Background: British forces overthrew the Emperor of Ethiopia at the battle of Maqdala in 1868 and seized his treasures. Many ended up at the British Museum. Since then there have been periodic requests for their repatriation to Ethiopia.
Our request: Full information on objects seized at Maqdala now in the British Museum.
What we got: Seven pages—a three-page listing of Maqdala objects, three pages of descriptive labels for six items on display, and a one-page note on our queries. We had expected more material, as the British Museum had been helpful and open when we published a detailed report on Maqdala last year (October 2004, no. 151, pp. 15, 18-9). Arguably, restitution issues are much more sensitive than acquisitions.
What we didn’t get: There were no “original” documents, other than the one-page summary note prepared for us. The list of inventory numbers should have always been available and the labels could be read by any visitor at the museum.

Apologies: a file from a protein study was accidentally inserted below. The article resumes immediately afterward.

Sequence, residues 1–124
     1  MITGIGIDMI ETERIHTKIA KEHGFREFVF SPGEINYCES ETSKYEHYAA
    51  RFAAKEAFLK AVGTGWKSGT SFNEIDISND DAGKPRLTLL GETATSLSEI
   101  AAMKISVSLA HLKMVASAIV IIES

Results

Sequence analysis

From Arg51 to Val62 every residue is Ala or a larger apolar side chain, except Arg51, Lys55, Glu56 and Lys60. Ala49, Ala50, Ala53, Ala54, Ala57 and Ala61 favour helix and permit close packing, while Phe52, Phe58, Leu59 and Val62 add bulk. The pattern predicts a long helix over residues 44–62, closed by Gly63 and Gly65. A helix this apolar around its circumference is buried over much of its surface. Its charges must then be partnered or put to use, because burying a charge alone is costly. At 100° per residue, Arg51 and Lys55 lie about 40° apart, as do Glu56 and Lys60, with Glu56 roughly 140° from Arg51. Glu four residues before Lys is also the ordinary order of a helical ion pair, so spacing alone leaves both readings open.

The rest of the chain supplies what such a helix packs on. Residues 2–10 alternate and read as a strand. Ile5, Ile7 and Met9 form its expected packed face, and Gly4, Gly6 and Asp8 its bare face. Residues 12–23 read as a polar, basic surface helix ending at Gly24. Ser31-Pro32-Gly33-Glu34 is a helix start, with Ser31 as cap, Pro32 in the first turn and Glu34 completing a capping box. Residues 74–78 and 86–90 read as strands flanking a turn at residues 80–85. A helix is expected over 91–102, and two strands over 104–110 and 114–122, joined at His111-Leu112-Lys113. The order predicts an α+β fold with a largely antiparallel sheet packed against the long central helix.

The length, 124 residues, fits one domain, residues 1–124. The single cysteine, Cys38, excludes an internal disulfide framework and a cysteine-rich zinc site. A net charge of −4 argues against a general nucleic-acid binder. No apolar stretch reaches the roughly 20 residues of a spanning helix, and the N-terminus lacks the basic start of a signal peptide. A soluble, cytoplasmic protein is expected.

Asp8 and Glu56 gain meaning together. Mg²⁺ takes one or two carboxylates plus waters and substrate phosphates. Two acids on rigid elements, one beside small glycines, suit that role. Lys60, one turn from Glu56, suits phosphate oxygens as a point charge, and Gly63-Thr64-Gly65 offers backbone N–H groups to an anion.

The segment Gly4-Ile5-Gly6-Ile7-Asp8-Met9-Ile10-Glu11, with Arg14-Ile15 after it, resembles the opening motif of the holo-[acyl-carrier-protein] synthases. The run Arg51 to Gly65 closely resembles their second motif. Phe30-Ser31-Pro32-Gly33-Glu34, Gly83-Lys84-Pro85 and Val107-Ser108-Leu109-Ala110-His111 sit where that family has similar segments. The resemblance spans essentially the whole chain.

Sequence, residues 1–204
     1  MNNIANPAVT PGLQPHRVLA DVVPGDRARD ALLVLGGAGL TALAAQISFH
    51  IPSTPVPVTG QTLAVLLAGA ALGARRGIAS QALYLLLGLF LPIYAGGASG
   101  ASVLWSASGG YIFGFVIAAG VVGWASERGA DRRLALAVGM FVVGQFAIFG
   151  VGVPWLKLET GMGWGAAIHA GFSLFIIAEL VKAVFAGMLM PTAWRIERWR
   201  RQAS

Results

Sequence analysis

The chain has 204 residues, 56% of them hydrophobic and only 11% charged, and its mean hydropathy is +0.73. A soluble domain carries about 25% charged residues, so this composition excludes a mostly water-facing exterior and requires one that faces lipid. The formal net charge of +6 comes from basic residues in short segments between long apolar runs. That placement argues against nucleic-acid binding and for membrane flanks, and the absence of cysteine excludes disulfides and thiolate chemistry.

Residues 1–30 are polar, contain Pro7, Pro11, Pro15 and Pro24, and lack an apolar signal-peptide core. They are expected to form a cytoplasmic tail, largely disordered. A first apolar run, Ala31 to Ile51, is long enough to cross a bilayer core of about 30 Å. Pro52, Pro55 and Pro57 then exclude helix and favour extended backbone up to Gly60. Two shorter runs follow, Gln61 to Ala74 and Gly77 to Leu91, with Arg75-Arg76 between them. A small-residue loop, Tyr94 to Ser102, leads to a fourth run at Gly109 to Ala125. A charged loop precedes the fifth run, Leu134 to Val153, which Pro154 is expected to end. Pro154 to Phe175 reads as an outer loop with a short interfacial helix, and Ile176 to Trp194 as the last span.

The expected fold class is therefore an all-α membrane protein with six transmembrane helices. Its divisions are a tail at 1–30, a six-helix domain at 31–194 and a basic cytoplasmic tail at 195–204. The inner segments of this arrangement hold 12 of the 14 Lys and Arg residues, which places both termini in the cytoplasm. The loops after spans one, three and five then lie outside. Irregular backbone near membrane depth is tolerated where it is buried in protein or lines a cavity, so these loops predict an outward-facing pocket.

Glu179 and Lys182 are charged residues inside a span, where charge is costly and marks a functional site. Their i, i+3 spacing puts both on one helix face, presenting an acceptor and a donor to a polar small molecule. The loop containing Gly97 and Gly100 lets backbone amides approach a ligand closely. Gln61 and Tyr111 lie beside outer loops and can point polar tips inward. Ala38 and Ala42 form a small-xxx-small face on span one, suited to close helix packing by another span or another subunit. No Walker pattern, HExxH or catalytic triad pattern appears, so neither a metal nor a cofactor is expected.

What next: We asked the British Museum for the report on its director’s visit to Addis Ababa in 2004, correspondence with Ethiopian church officials, letters to the Foreign Office, and internal museum papers on how the issue of Maqdala should be handled. We will report the museum’s response in our April issue.
Originally appeared in The Art Newspaper as 'Ethiopian restitution claims'